On November 6th, we will be setting the clock back to Standard Time (ST) for the last time. The first Sunday in April of 2023, we will permanently change our clocks to Daylight Savings Time (DST).
Or maybe not so permanent. When Congress passed the Sunshine Protection Act in 2022, I was thrilled. I have yet to meet anyone who likes the time zone switches, especially parents. When I ran a global team, it wreaked havoc on our meeting schedules. Countries in the Southern Hemisphere had opposite DST’s and all countries set DST’s on different dates.
But how and why did we get time zones in the first place?
Short answer: train and ship schedules. Prior to the 24 time zone concept; cities, countries, states, could set their own time. Many used sunrise and sunset to set their time; allowing time to vary by minutes between countries and towns. At one point, there were over 300 local times in the US. Planning the time that a train would arrive, required knowledge of each town’s time. Imagine how confusing that would be!
Transportation industries desperately needed a resolution. In 1878, Sir Sanford Fleming, a Canadian engineer, proposed the use of worldwide time zones. The earth rotates 15 degrees every hour, or 360 degrees in 24 hours. So, Fleming divided the world into 24 time zones that were 15 degrees of longitude apart. It was such a brilliant idea that it was quickly adopted, and the US trains were trying to implement this system as early as 1883.
The International Meridian Conference of 1884 was convened in Washington, DC to set international time standards. They adopted Fleming’s model. They set the prime meridian for longitude and timekeeping at the Greenwich Observatory in the UK and Greenwich Mean Time (GMT) as the world’s meridian and time standard. They set boundaries for the 24 time zones as well as the International Date Line.
But why was Greenwich selected? (Actually, there are two meridians in Greenwich, but you need to visit it to understand it.) Because the Greenwich observatory provided the most accurate data and Britain ruled the influential shipping industry.
While many US states and towns adopted time zones compatible with the Fleming’s model in 1883, there were too many discrepancies. To set a United States standard, Congress passed the Standard Time Act of 1918. This act set the time zones for each state.
There is a universal standard for time zones, but it doesn’t mean countries must use it. Some countries use half hour or quarter hour time zones, including, Iran, India, Afghanistan, Nepal, Sri Lanka, Myanmar, and certain parts of Australia. A few countries, China and India being the largest, use a single national time zone. It is particularly onerous in China, which spans five time zones.
I mistakenly believed that time zones and DST were sacrosanct in the US. But Congress and US Presidents have made 8 changes to DST and DST/ST (Daylight Savings Time/Standard Time). The first, was in the 1918 Standard Time Act which implemented time zones and set a time period for DST/ST schedule. The DST/ST switch was so unpopular that it was repealed in 1919. During WWII, Roosevelt instituted year-round DST (called War Time) from 1942 to 1945.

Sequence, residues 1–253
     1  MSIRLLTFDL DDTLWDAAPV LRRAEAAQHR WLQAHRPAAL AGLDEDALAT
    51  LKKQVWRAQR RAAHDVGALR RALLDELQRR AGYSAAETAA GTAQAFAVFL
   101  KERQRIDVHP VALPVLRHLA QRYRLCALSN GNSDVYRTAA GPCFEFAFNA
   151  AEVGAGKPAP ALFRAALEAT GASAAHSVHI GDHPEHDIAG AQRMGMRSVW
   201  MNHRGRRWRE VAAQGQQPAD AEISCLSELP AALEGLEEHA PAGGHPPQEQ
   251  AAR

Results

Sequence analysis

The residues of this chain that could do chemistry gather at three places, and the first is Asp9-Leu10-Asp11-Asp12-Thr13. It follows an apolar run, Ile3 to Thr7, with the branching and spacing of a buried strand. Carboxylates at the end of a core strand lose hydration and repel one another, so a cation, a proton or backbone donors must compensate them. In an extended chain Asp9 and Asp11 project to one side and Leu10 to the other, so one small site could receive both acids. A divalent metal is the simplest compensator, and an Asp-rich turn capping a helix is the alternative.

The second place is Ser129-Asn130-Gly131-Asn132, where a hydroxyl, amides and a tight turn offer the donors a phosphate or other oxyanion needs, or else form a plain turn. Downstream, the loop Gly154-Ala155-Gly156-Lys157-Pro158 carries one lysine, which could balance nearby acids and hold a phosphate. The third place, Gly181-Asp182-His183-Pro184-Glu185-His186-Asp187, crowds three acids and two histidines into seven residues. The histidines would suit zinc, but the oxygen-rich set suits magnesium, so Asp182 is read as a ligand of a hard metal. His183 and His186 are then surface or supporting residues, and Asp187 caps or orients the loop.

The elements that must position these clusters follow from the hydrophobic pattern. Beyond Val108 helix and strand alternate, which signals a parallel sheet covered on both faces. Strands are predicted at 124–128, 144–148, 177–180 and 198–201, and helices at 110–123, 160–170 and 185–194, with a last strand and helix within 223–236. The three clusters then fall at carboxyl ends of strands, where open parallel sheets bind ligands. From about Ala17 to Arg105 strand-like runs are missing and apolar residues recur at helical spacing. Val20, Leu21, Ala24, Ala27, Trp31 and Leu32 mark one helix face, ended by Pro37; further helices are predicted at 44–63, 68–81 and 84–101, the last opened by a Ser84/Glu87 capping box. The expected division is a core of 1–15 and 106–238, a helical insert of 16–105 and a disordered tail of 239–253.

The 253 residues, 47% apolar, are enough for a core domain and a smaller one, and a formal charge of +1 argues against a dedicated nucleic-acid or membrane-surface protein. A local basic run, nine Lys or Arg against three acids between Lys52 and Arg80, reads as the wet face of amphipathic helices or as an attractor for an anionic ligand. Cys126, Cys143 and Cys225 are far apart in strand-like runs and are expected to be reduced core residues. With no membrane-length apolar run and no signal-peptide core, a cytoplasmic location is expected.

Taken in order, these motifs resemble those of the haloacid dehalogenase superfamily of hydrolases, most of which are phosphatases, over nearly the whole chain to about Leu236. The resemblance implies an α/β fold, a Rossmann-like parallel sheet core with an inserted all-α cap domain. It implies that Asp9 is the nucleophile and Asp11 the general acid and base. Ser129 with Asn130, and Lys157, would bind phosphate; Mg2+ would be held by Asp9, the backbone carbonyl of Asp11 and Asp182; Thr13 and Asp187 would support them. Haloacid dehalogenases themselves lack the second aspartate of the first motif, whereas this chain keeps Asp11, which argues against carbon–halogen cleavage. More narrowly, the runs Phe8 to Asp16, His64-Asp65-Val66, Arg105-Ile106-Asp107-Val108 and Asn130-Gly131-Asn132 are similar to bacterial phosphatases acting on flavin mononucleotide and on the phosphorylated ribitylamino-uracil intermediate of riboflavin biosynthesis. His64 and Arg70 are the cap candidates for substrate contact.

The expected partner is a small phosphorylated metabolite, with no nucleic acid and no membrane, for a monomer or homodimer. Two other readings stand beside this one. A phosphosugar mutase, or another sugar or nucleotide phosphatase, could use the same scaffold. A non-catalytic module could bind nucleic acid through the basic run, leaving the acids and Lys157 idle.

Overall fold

From 1945 to 1966 there was no federal law for DST/ST, so localities could choose when it began and ended. Not surprisingly, it resulted in a complicated patchwork of DST/ST policies that varied in length and by location. In 1965, 18 states observed DST/ST for six months each year, 18 states allowed cities or towns to set their own DST/ST and another 12 states didn’t implement DST/ST at all. It was so crazy that portions of North Dakota and Texas created a reverse DST/ST, basically setting their clocks back an hour instead of moving them forward.
The beleaguered transportation industry intervened again and in 1966 Congress passed a law which mandated the implementation of DST/ST and set dates and time (2 AM). It allowed states to exempt themselves, but only if the entire state did it (Arizona and Hawaii never implemented DST/ST.)
During the 1973 oil crisis, Congress enacted year-round DST from 1974 to 1975. It was unpopular with parents who were concerned about children boarding busses in the dark morning hours. After a serious school bus accident, Congress rescinded full-time DST. In 1986 and 2005 Congress changed the dates for implementing DST/ST.
Which brings us to 2022, where Congress has, yet again, implemented permanent DST. I hope this time that it sticks.
Some interesting facts. It is widely believed that DST/ST was instituted for farmers, in fact, farmers have always opposed DST/ST. Parents, for the most part, have decided that permanent DST is better than the havoc that changing times has caused. Today the only opponents are sleep institutions who prefer permanent ST instead.
So, what did I learn from this inquiry? Well, I had mistakenly believed that time zones, DST, and ST were very difficult to change. I was unaware how fluid it has been. I was surprised how some countries do not follow the international standards. So international time zones be damned, we can adopt permanent DST. And as write this at 6:30 p.m. it is still light. I hope this time that our switch to DST lasts.
Angela Rieck, a Caroline County native, received her PhD in Mathematical Psychology from the University of Maryland and worked as a scientist at Bell Labs, and other high-tech companies in New Jersey before retiring as a corporate executive. Angela and her dogs divide their time between St Michaels and Key West Florida. Her daughter lives and works in New York City.